Despite a drop in double-digit year-over-year growth, construction sales in Arizona for March and April put the sector on a conservative $11.4B year, nearly 15 percent more than last fiscal year. March posted $829M in construction sales and April topped $888M.


Fueled by profit-taking, low risk and high demand, the Phoenix-area multifamily real estate market kept churning out property sales and new development plans. The last bubble was sufficiently in the rear view mirror even as commercial real estate and the job market were still recovering


A new study of the 150 largest U.S. cities ranked Tempe, Glendale and Tucson among the 10 least recession-recovered. In Wallet Hub’s analysis of cities that have recovered the most from the 2008 Great Recession, Tempe ranked 142, Glendale 143 and Tucson 144.


Phoenix is moved up in the world of Forbes rankings. The Phoenix metro area ranked 56th on the magazine’s annual “Best Places for Business and Careers” list. The list looks at the 200 largest metropolitan areas in the U.S. and factors in job growth, costs, income growth, and educational opportunities.

Phoenix was rated one of America’s top five cities for creating small business opportunities and opening doors for entrepreneurs according to the National Federation of Independent Business.


U.S. Sens. John McCain and Jeff Flake of Arizona introduced a bill to prohibit any new casinos in metropolitan Phoenix.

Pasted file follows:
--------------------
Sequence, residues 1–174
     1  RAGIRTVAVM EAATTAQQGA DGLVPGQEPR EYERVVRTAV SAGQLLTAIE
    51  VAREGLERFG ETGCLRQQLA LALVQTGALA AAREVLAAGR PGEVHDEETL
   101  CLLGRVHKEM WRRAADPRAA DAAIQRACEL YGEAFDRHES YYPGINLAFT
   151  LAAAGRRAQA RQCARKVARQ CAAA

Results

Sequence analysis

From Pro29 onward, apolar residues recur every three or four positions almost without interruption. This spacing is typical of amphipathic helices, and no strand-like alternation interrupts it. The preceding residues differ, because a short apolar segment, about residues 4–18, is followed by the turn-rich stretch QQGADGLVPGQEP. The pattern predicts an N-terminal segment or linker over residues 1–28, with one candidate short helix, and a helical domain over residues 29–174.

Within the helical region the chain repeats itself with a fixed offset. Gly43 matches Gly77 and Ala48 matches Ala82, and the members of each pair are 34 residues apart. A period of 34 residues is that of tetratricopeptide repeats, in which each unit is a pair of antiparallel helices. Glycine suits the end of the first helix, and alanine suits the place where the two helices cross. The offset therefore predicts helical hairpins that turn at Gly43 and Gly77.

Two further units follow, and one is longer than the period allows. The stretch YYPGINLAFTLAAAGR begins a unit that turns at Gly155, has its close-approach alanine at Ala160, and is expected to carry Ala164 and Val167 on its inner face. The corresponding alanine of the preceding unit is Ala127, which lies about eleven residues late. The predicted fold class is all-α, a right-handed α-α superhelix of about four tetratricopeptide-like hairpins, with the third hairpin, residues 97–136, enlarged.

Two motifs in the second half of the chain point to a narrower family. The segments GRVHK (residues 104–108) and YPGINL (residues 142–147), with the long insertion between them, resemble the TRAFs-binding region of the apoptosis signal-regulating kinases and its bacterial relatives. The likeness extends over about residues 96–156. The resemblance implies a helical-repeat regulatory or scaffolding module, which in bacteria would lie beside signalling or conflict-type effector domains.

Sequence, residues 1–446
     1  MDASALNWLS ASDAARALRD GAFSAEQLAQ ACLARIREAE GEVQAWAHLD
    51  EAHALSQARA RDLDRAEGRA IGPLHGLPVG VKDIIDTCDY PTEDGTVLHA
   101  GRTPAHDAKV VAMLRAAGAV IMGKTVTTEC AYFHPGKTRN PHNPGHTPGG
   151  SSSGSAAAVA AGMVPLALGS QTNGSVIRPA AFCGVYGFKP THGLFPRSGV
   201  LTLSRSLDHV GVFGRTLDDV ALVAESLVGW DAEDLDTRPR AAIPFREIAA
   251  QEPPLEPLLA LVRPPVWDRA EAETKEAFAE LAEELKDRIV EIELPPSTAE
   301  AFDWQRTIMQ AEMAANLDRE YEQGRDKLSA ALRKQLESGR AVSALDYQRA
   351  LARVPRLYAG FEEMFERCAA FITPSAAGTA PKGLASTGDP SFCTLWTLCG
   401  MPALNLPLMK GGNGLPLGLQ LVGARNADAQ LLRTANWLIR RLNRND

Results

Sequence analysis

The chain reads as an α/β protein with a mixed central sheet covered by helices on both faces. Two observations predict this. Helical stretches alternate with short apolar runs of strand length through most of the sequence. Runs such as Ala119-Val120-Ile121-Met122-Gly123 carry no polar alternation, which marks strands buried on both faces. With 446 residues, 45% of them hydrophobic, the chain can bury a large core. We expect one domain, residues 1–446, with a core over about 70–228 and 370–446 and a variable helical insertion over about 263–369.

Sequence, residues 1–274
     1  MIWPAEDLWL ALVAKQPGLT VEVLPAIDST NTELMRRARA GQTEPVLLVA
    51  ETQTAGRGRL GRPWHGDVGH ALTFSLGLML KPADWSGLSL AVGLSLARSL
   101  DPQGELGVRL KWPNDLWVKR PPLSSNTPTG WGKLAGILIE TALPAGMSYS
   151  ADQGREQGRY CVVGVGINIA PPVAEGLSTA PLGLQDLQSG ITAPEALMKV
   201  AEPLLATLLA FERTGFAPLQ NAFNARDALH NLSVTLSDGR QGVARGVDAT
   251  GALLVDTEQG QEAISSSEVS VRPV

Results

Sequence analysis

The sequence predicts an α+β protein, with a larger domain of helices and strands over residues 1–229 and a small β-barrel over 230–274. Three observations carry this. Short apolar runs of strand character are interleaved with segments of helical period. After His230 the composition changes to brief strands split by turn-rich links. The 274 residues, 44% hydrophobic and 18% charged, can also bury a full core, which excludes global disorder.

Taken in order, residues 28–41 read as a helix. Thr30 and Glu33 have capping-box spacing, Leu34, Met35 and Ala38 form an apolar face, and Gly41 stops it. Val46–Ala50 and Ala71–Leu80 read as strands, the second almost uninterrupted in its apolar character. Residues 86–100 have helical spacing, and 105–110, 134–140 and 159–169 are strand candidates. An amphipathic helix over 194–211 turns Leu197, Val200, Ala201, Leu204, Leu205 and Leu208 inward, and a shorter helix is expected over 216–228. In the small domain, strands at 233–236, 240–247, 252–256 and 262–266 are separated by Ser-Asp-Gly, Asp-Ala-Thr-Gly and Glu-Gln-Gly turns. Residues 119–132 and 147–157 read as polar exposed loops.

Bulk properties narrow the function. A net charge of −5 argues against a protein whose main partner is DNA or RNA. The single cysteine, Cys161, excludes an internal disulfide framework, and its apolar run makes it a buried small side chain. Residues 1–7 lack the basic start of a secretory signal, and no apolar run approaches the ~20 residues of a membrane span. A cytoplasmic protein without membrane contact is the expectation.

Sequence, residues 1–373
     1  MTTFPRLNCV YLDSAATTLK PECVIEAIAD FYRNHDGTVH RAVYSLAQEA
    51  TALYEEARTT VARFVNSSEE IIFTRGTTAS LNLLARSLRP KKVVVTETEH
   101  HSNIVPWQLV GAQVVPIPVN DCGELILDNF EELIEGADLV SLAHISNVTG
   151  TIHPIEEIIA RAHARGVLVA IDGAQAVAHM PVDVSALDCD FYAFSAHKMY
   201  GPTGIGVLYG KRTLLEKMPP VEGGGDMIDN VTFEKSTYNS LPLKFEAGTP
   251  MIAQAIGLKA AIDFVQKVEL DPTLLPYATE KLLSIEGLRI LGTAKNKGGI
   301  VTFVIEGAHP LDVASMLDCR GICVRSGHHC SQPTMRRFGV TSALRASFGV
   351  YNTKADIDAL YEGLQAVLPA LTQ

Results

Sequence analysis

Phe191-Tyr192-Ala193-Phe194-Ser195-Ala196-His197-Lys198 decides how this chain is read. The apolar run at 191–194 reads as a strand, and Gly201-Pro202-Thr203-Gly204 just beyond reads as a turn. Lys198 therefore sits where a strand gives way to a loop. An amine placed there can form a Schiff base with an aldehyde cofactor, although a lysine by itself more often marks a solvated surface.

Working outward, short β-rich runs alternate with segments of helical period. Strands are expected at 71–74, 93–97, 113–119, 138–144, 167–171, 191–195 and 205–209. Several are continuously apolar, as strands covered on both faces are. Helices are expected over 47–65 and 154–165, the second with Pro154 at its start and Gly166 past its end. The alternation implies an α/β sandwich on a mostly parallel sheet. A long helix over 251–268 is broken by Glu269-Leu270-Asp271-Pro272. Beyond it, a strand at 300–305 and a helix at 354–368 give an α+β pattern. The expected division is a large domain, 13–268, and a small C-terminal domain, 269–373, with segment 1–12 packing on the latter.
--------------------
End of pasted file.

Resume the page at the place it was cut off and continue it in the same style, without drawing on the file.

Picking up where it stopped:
The measure aimed to stop a proposal by the Tohono O’odham Nation to build a major casino resort on its land less than two miles from Arena and University of Phoenix Stadium in Glendale.

Meanwhile, The Glendale City Council did an about-face and approved a resolution to support the Tohono O’Odham Nation’s proposal to build the casino. The council voted 4-3 to back the plan the tribe projects would have a $300 million annual economic impact.

Pinal County

U.S. Immigration and Customs Enforcement removed its immigrant detainees from the Pinal County Jail, after the county and the federal government failed to come to an agreement over how much the county gets paid to house the detainees. The end of the contract meant millions of dollars going out the door for Pinal County.


Efforts to build a massive manufacturer sourcing center off Florence Boulevard inched forward Tuesday as the Casa Grande Planning and Zoning Commission gave a favorable recommendation to the preliminary plat plans for the first phase of PhoenixMart.

Medical Marijuana

The head of the organization offering to fund a study on medical marijuana at the University of Arizona said he would pull the cash unless the school restored fired doctor and researcher Suzanne Sisley to the staff and the project.

Meanwhile, The Obama administration said marijuana policy is a states’ rights issue in opposing Republican-led legislation that would prevent Washington, D.C., from using federal funds to decriminalize marijuana possession.